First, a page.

It was 1:59 pm. Just a minute left for the quarterly progress review meeting. This was the first meeting for Corak after he had joined the firm that produces ready-to-eat products.
He opened the link and clicked the Join the Meeting. He was horrified when a message appeared in the screen:
“firstname.lastname@example.org” is already logged in.
He couldn’t afford to miss this meeting. Desperately he sent a text to the administrator to give an alternate id and password to enter.
When he managed to enter, he was already late by 4 minutes. The vice-president of the north zone was on his presentation.
Among the participants, he saw his name with the audio muted.
When his turn came, he tried to share the screen. He couldn’t.
The imposter had already shared the presentation, started explaining the numbers. The voice was same. It was the same presentation that Corak had so diligently worked on for the last week. Even the fonts, background and the graphs were the same. It was ‘his’ presentation.
Corak saw him in the aisle. He had just finished his cart with the groceries and joined the queue of about a half dozen customers. He could see him from the side. He had the same features, height, physique, colour of the skin and even, the hairstyle. He took out the wallet to pay the bill. He seemed an impostor in physical form.
Corak controlled the urge to push behind the queue and grab him. The impostor paid, carried his groceries and started towards the exit.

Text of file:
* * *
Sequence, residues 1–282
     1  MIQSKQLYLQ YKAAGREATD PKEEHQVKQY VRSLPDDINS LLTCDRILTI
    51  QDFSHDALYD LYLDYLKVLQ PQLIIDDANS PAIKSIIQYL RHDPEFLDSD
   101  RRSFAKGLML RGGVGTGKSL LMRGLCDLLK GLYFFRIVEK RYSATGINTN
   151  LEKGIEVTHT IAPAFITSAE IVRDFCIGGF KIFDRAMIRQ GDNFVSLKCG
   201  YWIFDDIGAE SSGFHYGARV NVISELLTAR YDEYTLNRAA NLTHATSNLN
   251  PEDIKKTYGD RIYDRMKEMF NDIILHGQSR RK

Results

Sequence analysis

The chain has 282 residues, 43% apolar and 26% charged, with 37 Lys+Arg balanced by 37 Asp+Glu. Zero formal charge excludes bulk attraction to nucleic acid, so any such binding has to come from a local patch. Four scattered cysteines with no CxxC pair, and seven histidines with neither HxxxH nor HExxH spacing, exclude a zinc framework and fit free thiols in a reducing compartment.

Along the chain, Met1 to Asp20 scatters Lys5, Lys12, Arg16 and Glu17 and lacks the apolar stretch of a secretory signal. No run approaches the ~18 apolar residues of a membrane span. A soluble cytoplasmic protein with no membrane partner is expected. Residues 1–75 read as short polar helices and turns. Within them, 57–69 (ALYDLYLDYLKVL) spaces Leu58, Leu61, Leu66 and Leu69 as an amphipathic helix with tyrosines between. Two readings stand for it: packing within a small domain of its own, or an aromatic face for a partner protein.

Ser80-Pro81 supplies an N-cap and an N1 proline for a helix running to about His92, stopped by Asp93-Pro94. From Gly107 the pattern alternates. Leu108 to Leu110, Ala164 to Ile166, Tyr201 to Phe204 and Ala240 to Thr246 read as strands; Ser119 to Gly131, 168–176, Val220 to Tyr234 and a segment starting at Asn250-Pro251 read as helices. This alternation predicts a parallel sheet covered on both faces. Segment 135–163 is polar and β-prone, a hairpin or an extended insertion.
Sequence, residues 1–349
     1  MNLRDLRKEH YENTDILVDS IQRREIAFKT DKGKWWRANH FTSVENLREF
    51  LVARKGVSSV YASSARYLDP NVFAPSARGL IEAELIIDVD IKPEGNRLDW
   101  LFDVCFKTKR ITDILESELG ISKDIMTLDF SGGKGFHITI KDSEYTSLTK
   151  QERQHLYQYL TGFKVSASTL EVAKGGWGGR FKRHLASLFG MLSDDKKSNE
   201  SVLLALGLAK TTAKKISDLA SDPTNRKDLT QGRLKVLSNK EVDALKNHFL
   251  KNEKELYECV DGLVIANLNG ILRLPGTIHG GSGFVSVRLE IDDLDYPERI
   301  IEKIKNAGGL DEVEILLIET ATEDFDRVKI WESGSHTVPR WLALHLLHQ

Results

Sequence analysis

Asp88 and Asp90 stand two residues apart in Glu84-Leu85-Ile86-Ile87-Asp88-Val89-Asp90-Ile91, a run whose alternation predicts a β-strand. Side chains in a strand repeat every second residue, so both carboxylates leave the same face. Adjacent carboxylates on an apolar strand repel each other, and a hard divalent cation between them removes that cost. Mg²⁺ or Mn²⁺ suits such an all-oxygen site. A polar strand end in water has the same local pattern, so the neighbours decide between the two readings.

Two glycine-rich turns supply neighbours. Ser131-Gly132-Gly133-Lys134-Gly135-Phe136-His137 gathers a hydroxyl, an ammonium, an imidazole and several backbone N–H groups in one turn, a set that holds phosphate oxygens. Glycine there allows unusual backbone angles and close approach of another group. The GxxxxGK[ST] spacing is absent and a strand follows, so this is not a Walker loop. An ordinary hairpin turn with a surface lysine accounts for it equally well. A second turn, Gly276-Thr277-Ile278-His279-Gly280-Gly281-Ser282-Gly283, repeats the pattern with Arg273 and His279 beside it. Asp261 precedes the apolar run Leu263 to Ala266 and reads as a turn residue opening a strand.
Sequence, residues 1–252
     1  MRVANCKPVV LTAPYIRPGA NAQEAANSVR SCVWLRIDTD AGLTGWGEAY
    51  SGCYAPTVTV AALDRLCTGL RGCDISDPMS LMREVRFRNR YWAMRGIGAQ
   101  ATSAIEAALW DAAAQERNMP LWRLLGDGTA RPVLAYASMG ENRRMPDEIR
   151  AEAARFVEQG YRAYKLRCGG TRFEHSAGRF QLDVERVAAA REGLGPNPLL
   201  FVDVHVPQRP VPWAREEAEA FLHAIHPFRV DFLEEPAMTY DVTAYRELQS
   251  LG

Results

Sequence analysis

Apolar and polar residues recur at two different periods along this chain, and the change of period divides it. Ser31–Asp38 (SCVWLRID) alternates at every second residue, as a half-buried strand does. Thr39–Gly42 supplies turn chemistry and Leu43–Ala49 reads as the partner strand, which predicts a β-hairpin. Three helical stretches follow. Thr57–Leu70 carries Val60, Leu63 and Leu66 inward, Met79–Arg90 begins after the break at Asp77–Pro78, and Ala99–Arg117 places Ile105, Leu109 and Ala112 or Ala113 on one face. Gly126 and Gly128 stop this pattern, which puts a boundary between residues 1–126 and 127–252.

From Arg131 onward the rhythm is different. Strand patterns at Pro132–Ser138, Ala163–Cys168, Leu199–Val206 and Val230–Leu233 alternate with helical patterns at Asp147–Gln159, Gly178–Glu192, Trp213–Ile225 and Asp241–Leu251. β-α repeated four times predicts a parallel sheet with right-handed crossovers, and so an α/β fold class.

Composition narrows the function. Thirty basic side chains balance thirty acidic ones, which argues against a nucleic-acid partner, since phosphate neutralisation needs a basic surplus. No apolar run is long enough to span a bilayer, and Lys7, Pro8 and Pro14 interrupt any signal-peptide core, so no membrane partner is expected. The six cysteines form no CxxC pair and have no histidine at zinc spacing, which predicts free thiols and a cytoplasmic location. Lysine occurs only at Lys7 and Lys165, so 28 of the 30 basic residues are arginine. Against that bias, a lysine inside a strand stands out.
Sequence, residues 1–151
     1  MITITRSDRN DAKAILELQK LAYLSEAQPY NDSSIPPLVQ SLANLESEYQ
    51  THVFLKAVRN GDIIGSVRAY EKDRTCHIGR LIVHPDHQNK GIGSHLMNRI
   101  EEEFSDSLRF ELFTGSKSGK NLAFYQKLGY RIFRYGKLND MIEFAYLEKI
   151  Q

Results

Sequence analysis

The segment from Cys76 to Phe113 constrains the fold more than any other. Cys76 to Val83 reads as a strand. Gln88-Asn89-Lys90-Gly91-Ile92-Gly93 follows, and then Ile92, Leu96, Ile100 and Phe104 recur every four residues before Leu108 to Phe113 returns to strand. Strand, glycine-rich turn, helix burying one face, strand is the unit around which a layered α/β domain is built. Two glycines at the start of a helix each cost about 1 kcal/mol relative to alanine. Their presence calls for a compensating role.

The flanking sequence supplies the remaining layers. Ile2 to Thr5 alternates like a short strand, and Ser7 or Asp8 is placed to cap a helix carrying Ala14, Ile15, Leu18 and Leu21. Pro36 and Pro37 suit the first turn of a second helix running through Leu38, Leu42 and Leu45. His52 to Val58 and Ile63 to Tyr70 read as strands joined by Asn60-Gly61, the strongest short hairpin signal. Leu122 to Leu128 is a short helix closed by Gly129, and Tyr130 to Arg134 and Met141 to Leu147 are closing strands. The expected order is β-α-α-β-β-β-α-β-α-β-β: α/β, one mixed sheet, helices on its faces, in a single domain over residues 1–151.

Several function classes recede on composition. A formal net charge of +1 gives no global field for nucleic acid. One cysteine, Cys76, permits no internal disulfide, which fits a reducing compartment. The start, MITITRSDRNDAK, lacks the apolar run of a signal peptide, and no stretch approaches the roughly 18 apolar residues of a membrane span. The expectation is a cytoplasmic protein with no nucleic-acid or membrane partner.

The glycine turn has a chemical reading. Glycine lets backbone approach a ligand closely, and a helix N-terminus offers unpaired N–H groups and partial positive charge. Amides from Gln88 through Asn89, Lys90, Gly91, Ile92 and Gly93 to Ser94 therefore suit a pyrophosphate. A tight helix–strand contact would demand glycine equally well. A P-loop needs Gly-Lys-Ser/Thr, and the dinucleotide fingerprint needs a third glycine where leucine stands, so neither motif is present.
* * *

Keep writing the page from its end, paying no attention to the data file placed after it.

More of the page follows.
By the time he regained himself, he was at the counter and the lady was shouting at him.
He heard her say, “How long will you stand here, Mister? Will you keep way for the next, please?”
He mumbled, “How much?”
She was angry.
“How many times you want me to repeat? You have already paid. Leave now or I will have to call the security.”
He hurriedly left with his groceries.
Corak was on his way to the office.
Suddenly he felt the urge to turn around and go back home. He was so sure the impostor was at home. There was sweat on his forehead.
He opened the door with his keys and went straight to the hall. On the sofa, with his head propped by his hands, the impostor sat. He was deep in thoughts and didn’t seem to notice Corak.
The next moment, Corak dived to the dining table and grabbed the knife.
He shouted loudly.
“Why did he stab himself?” the doctor took his seat and questioned Mrs. Corak.
“Semiconsciously Corak was mumbling that finally he killed him”, added the doctor.
She was nervous and she was trying to control her tears.
“Was he depressed, of late?
“It seems to be a psychological case. He claims to kill someone but stabs himself. What might have led to this?”
Mrs. Corak was silent for some time.
“Yes, I guess I have an idea. Of late, he was nervous and seemed to be scared when he was in the social media. No, he didn’t post anything. It started when he was fired from his previous job for a scandal. He felt some one impersonated him or someone made it look like him. A clip was shared in his office in which he was in an intimate position with his colleague. She launched a complaint in the office and denied any involvement. My husband was fired. He took up this current job very recently. I fear he still believes his online identity is abused.”
The surgeon seemed to grasp the issue.
“I guess he is under a delusion. It is a feeling that there is someone online and real, who might be an exact mirror-image with intent to do harm. Both of them might have already encountered online in various social media. Corak might be expecting to meet him to settle matters once for all…”
The surgeon advised, “Corak needs urgent psychiatric support”.